E n France every year 8000 children are born with a heart defect. The St. Peter’s regional referent institute.
This Tuesday, February 9, Mohamed, 7, made the effort on the bike while his sister is concerned . Dr. Sophie Guillaumont reassures: “He is a champion!” The test marks the beginning of the rehabilitation program that will soon follow the small Narbonne, on a plateau that refers to the region, within the Institute St. Peter hospital for children in Palavas-les-Flots.
born in Montpellier, Marseille heart surgery at the age of six months, Mohamed is suffering from congenital heart disease, heart defect that affects each year in France, 8,000 babies born with a single ventricle, a large inversion vessels, a rhythm disorder. Valentine’s Day, feast of love, is also that of these patients. In the 70s, one in two children died. For twenty years, 40% were under the age of 30, today, 90%.
Unique in France
for twenty years, too, the first kids who suffer from heart disease arrived in Saint-Pierre. In 2015, 2000 consultations were carried out on an active file of 6000 patients (asthma, obesity, diabetes). Dr. Guillaumont cardiopédiatre, divides his time between St. Peter and the CHU Montpellier.
For her, the main progress to support today take these rehabilitation programs that have been evidence, and the transition program for young adults proposed for a year to avoid breaks of support at the end of adolescence: “children growing up we lose sight, more than half of those that we find here arrive after a passage to emergencies, “worries Sophie Guillaumont convinced that we must never let them go.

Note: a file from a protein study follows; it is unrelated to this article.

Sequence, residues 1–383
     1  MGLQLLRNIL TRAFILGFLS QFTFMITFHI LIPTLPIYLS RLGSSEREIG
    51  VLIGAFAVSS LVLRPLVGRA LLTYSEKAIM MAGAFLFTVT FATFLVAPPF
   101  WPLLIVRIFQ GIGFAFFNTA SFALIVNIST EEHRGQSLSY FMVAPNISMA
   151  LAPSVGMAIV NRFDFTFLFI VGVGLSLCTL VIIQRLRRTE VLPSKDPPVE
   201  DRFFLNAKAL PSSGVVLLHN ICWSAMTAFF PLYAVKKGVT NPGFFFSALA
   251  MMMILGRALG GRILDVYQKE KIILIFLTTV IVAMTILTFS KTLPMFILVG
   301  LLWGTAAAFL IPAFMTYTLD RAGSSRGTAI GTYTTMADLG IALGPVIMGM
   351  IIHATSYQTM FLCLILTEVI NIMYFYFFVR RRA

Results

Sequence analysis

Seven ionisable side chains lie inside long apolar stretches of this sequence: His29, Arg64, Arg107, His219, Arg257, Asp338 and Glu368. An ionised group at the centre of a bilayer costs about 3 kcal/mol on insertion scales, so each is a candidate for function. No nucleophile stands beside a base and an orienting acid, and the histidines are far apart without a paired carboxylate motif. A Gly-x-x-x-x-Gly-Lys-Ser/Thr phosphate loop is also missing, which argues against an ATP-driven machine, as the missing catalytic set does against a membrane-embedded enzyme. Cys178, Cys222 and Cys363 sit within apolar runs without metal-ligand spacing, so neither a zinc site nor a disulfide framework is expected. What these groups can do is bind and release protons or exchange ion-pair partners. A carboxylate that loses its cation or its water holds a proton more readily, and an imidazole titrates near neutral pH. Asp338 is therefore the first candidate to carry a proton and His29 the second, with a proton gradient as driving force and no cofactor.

Past emergency and surgery, all starts here, like Mohamed, on a bike: “in primary school, children are moving, that’s more complicated to college … so to do work the heart muscle,” insists the doctor. In Saint-Pierre, it leads them safely in an interdisciplinary approach that integrates nutrition and psychology, in short sessions that do not cut the child from his universe. “It is unique in France,” she says. The “two neighboring CHU”, Toulouse and Marseille, send their young patients in Palavas. Many were spotted before birth, “we should not be far 80% of antenatal diagnosis, against 30% twenty years ago,” recalls Sophie Guillaumont. Lilya was six months pregnant when the diagnosis was transposition of the great vessels. “I am very worried, remembers the mother of Mohamed.” Since he was born, “she” is reassured. “